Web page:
Letter from Langdon: Forbidden Fruit

[imgbelt img=seed_pallet.jpg]A handful of corporations control the genetically modified seeds on which U.S. production agriculture depends. These patented plants help feed the world – and raise troubling questions about who “owns” life.


farmers refused to pay tech fees on seed, Monsanto got the right to collect a ‘seed tax’ at shipping ports before soybeans could be exported overseas.

Flavr Savr tomatoes containing a freshness gene, and Golden Rice with enhanced levels of beta carotene.

Early criticisms of GE crops centered on the ability of big business to dominate and control food access directly for profit as well as plants having resistance to antibiotics. That’s because antibiotic resistance was implanted into plants so that successfully modified cells could be identified through treatment with antibacterials; modified cells survived treatment, those that weren’t, died.

unintended consequences like this.

shiploads of exported corn. That unapproved release caused American corn prices to plunge, and remain low, for years, and may have helped steel farmers in other countries against growing genetically modified crops.

The company responsible for the corn varieties existence paid farmers a paltry indemnity equal to a tiny fraction of the cost of lost markets. But farmers who planted the grain, and cross pollination with other corn varieties, were partially responsible. 

Attempts to require labeling of GMOs in American food have faltered as food and seed corporations spend heavily to defeat ballot initiatives in a few states like Washington.

In spite of almost 20 years acceptance in the US and millions of dollars in promotions by multinational corporations, Europe continues to ban planting of genetically engineered crops. 

Resistance to glyphosate has been recorded in a growing number of weeds, and resistance by some insects to the BT gene. That means farmers now pay not only for implanted genes but also for more chemical weed killers and insecticides as those modifications to plants become less effective. And the newest soybean varieties containing the Roundup Ready 2 gene licensed by Monsanto come with the requirement that all seed be treated with a fungicide, just as genetically modified corn is treated with varying amounts of insecticidal seed coatings to protect both seeds and emerged plants. Farmers are encouraged to do more treatment with plant applied fungicides.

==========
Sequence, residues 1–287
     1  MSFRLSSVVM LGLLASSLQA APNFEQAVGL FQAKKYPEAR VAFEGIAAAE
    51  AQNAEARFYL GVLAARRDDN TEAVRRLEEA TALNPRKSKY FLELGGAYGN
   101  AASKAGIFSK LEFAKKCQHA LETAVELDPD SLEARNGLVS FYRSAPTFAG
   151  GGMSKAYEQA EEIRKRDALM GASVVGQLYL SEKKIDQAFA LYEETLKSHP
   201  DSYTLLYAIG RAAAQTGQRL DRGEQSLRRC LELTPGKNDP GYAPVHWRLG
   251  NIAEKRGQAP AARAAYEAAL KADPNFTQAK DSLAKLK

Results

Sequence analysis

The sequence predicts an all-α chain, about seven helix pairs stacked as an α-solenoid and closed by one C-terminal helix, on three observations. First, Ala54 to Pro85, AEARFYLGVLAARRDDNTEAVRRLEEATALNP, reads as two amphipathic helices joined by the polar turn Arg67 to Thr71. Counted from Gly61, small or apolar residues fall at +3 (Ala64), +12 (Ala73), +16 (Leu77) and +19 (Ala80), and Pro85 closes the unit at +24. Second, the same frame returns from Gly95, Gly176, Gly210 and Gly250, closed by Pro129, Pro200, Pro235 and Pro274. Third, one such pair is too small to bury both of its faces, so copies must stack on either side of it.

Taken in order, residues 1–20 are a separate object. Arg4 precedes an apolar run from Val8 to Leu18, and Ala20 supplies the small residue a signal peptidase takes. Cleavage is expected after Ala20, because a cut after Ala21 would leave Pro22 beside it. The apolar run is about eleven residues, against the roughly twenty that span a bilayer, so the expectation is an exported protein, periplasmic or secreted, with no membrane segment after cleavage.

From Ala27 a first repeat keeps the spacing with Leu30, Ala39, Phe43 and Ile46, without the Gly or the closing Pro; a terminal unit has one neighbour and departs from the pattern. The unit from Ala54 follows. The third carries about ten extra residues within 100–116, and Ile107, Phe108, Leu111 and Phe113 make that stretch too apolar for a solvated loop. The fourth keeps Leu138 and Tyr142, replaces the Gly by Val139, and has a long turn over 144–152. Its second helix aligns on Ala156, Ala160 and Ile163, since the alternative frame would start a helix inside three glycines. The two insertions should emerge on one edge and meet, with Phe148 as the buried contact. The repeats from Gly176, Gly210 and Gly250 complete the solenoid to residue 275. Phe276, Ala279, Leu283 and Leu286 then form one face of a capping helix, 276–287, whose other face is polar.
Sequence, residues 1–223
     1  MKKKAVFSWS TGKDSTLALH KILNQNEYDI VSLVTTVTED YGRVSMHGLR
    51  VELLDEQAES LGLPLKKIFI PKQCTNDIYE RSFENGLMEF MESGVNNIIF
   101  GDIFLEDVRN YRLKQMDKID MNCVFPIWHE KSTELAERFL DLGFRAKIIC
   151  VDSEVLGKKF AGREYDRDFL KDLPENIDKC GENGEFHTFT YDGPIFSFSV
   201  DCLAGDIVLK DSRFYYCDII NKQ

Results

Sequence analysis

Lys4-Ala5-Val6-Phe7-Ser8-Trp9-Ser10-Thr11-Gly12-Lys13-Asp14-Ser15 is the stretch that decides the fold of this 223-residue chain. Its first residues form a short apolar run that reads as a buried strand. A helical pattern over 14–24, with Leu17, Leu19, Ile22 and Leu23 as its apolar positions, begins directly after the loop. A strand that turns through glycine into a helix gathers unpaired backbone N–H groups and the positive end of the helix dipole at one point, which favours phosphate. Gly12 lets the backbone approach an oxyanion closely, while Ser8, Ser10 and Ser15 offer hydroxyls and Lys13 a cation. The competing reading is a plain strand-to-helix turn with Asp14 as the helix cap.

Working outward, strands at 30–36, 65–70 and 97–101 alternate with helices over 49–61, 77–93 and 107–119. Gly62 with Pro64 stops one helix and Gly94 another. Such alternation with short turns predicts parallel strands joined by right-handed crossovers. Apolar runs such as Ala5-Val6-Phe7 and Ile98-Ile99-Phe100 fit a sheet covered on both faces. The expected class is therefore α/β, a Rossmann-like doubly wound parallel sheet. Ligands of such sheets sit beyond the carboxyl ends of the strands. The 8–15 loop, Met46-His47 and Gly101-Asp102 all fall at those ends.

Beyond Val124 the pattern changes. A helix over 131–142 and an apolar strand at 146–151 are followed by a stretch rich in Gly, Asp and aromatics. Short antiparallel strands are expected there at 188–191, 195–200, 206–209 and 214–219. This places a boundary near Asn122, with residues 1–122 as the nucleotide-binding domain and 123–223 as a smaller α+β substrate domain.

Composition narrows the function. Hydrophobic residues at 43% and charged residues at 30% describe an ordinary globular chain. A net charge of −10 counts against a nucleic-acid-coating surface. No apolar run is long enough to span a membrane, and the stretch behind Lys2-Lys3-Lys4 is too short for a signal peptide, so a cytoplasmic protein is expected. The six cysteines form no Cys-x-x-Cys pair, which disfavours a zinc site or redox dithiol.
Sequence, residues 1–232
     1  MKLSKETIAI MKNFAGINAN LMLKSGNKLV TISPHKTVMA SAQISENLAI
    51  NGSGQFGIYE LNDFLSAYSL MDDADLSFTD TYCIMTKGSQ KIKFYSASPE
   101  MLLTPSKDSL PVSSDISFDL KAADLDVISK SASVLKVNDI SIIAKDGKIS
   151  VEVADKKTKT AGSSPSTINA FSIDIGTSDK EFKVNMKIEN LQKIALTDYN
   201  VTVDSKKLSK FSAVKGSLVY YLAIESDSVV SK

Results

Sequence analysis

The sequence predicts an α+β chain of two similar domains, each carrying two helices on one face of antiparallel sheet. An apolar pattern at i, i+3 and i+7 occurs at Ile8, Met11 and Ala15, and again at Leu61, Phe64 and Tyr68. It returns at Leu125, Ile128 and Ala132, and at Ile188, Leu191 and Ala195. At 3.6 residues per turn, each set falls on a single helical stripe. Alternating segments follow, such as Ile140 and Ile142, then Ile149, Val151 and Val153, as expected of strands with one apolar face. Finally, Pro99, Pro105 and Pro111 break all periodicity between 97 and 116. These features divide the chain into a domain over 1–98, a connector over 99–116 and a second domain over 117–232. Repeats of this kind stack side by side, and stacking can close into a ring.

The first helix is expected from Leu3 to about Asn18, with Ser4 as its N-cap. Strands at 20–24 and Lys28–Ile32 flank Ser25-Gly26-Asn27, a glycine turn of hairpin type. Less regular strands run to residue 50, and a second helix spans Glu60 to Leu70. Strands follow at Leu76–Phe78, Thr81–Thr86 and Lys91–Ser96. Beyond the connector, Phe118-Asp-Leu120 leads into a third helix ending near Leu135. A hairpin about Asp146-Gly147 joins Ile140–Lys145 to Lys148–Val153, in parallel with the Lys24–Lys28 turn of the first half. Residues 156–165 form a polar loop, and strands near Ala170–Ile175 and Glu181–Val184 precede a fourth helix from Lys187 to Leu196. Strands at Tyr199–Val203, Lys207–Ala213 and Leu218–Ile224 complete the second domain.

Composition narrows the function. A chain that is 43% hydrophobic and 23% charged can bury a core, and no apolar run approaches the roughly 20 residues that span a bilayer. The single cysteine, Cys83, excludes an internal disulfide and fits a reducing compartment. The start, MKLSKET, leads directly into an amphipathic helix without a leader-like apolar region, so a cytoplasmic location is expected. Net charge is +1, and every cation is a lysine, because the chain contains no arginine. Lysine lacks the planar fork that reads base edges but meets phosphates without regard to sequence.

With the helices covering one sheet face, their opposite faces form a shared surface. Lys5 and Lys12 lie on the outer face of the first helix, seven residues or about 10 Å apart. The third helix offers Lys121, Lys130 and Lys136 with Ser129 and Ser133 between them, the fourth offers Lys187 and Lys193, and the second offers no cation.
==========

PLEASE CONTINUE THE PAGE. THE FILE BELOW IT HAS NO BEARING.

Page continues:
Little is said about evidence that glyphosate encourages the growth of certain molds and fungi.

Many farmers cite improved yields as a reason to plant genetically modified corn and soybeans even though implanted traits offer only insect resistance and/or herbicide resistance. To date no “high yield” gene has been identified. Conventional plant breeding remains the only route to improved yield. Newly developed hybrids are produced in limited quantities before patented genes are inserted, which means farmers have little access to any seeds other than the engineered variety. One widely publicized gene search, for a “drought gene” that allows plants to survive and replicate with little or no rainfall, continues. Seed companies like to say that through their efforts crops are more drought tolerant than ever before.

If so that is doubtless a triumph of breeding, a trait easy to copyright but difficult to patent.

But seed companies would like to blur the line, making more food plants and seeds eligible for ownership through patent law.

may not be in in full possession of the facts.

In our money driven society, it’s thought biotechnology could play a big part in helping accomplish that.

But little is being done to address growing monopolies in food, from seeds to who owns farm animals, and markets used to determine worth. Patented plants are old hat these days, but patented animals remain on the fringe in US meat and poultry industries already under various stages of corporate control.

Biotechnology also threatens to play a large part in those industrial food markets as government enforcement of laws against corporate greed in farm and food appears non-existent. An extension of that seems to be that patent applicants aren’t required to prove real benefits, but only the unique nature of creations.

There is no protection from patent driven domination of food by a few large companies, maybe only one or two.

That’s why I’ll be planting another apple tree this spring.

Before it’s too late.

Richard Oswald, a fifth generation farmer, lives in Langdon, Missouri, and is president of the Missouri Farmers Union.